Dickson St. memories 

As a Dickson Street musician of yore, I read Jim Kelton’s article about Ronnie Hawkins, John Tolleson, the Cate Brothers, and others of the Fayetteville music scene with interest and nostalgia. Although the article was about “club music,” I hoped it would mention Mike Shirkey’s Goodfolk Productions house concerts, which are held regularly on the ample stage at Mike’s house just off Dickson.

Mike is a staple concert announcer at the annual Walnut Valley Festival in Winfield, Kan. Thousands attend the four-day festival every September. Through Mike’s Winfield connections and his reputation for high-quality shows, Goodfolk has become a favorite venue for stellar folk, bluegrass, blues, and semi-pop musicians. Recently, I attended his presentation of a sold-out reunion concert by Wheatfield, a Houston-based band, which was incredibly tight and inspiring. (Wheatfield consists of Trout Fishing in America augmented by two of their ’70s-’80s band mates.)

The rampant gentrification of Dickson Street, about which I have mixed emotions, may have contributed to the music wane described in Mr. Kelton’s article. I hope that Mike and his audiences will be able to resist those trends and that Goodfolk can continue to present first-rate music in Fayetteville.
David Newbern
Little Rock

Prayer power
Kudos to Bob Lancaster for his masterfully inclusive, tongue-in-cheek petition rendered in compliance with Bro. Gov’s request for prayer for rain. Gathering nature, specially weather, and the Almighty up into one synonymous breath and calculating how to influence, even REVERSE prevailing conditions, is always a highly presumptuous, ambitious exercise which invariably results in theological lines being drawn in the sand.

But, just for this one time, can even the mirthless wonder, yea, even indulge that Lancaster’s pseudo-entreaty was probably at least as consequential as the combined bead-countings, mojo-fingerings, cloud seedings, coven potions, rain dances, tarot readings, folk machinations, fastings, et al. Mercifully, the rains came. Now, as Lancaster expanded, we can move on to the fire ant, mole and pine beetle infestations.
Larry D. Powell

Take on the drone
Just imagine, if you will, that Congressman John Boozman goes to work one day, and is told, “John, you don’t have to vote the Republican line today. Just for today, we want you to make your own decisions, and vote according to your own conscience.” Do you think he would run home and hide under the covers in sheer terror?

Somewhere in Northwest Arkansas there must be someone with the passion and eloquence to take on this GOP drone in the November election.
Richard S. Drake

Don’t blame Wal-Mart
Wal-Mart has recently been vilified as one of the major causes of our health care woes. I believe this is blatantly wrong. A lot of the criticism of Wal-Mart in this area comes from groups who want to unionize Wal-Mart. For several years, I have worked with Wal-Mart people and have friends who work for Wal-Mart. Their full-time employees have good health insurance by the standards of our country. These are some of the most decent, honest people that I know and also some of the hardest working. If Wal-Mart closed tomorrow, people would still have many options to buy their consumer goods. The issues with health care would persist.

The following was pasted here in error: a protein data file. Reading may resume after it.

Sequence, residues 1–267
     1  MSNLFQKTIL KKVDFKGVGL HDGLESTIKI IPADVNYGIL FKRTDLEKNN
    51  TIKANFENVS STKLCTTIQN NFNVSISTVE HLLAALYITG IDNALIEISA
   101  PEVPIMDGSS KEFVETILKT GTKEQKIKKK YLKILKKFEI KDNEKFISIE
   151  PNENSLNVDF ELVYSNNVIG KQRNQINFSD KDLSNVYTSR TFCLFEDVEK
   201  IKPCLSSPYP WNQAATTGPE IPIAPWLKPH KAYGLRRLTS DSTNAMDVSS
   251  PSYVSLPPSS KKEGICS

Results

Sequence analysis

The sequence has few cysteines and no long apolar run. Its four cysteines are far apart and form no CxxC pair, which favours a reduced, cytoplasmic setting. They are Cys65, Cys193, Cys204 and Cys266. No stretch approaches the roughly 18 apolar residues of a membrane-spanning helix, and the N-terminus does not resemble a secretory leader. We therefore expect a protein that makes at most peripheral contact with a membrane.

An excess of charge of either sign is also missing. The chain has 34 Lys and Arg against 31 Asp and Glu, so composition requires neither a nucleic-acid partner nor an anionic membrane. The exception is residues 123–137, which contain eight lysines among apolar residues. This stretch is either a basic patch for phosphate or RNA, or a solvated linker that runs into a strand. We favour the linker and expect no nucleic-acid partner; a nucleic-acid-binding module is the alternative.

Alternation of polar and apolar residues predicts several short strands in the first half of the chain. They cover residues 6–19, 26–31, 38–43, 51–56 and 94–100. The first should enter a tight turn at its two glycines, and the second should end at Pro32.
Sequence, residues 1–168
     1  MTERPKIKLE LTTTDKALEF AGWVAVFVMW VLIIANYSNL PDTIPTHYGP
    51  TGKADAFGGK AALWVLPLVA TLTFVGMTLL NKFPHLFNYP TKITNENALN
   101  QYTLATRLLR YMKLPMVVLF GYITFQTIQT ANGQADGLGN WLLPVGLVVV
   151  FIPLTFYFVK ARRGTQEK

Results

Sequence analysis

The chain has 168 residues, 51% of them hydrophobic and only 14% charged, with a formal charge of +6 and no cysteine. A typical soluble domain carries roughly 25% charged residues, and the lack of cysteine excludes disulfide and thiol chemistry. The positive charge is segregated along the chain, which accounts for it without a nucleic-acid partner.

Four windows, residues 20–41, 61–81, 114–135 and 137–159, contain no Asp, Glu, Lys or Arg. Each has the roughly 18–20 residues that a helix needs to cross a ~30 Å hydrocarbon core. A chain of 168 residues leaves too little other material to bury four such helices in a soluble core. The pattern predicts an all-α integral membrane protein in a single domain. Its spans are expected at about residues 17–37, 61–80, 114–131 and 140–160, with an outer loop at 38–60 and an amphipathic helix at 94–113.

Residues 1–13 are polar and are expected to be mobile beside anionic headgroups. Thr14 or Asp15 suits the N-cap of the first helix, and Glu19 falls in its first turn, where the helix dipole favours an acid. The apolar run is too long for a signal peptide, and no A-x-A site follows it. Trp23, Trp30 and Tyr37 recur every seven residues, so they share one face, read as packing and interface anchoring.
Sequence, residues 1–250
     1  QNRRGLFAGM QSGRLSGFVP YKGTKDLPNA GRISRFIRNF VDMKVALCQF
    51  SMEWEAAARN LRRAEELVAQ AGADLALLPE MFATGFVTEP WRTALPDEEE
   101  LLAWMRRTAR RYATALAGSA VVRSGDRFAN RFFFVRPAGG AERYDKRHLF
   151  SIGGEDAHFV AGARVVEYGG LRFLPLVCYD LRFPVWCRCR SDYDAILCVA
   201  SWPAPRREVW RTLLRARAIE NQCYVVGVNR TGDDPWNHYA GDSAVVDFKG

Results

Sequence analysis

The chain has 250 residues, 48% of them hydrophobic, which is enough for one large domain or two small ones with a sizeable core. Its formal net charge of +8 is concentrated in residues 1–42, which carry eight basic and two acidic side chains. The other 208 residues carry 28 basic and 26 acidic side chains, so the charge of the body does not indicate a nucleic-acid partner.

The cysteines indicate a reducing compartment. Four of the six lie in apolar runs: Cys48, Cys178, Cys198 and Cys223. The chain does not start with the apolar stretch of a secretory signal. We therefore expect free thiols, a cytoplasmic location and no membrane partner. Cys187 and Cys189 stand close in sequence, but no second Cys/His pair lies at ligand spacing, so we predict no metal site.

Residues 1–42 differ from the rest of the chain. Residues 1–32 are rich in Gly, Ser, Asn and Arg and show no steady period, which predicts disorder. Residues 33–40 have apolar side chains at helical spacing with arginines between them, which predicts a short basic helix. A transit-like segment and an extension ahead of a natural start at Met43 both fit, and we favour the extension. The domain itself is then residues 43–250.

The core problem with the American health care system is that we are trying to operate it in a mercantile fashion, when every other civilized country has shown us that this is neither efficient nor equitable. A good friend of mine, who is also a gifted doctor, recently told me the biggest problem with health care in this country is greed.
R. Melton
Little Rock

The Bush economy
Ernest Dumas’ column Jan. 12 compared the job creation record of the Bush administration subsequent to the May 2001 tax cuts with that of the Clinton administration, completely ignoring differences in circumstances that make his comparison meaningless.

Most observers would agree that during the Bush administration the economy has been adversely affected by events outside the president’s control, including the 9/11 terrorist attacks that occurred before the 2001 tax cuts became effective. Mr. Dumas points to the creation of only 108,000 net jobs in December as an indication of the failure of the president’s policies. However, it seems amazing that the economy was creating any net new jobs only a few months after Hurricanes Katrina and Rita and in the face of higher oil and natural gas prices.

The fact that more jobs were created during the Clinton years than during the Bush years means little without an analysis of all the facts. The real question is whether our economy today would be better or worse if different economic policies had been implemented in the past. It is possible, though Mr. Dumas would certainly disagree, that our economy might be worse off if Bush tax cuts had not been passed.

The Arkansas Times devotes significant effort to criticizing the Democrat-Gazette for what you perceive to be conservative biases. Your writers often fail to see in their writing the same biases of which you accuse your competitor.
Drew Speed
Little Rock

Huckabee’s footsteps
Asa! Hutchinson wishes to continue the Huckabee legacy. Here are some suggestions:

1) Asa! Could contribute to Klansman David Duke’s campaign and get chided by Ted Koppel on National Public Radio.

2) Asa! could hire Billy Joe Roper as “special staff” and later actually remember working with the guy.

3) He could announce that the now obsolete AASIS computer system can be upgraded for a measly $22 million per year, but actually cost $56 million.

4) He could raise the daily $5.75 bed tax on nursing homes to the elderly to $10.

5) He could replace the State Police King Air with an SST.

6) He could jog 16 miles, then write a book about running 22 miles.

7) He could get fat, lose weight, get fat …
Gene Mason



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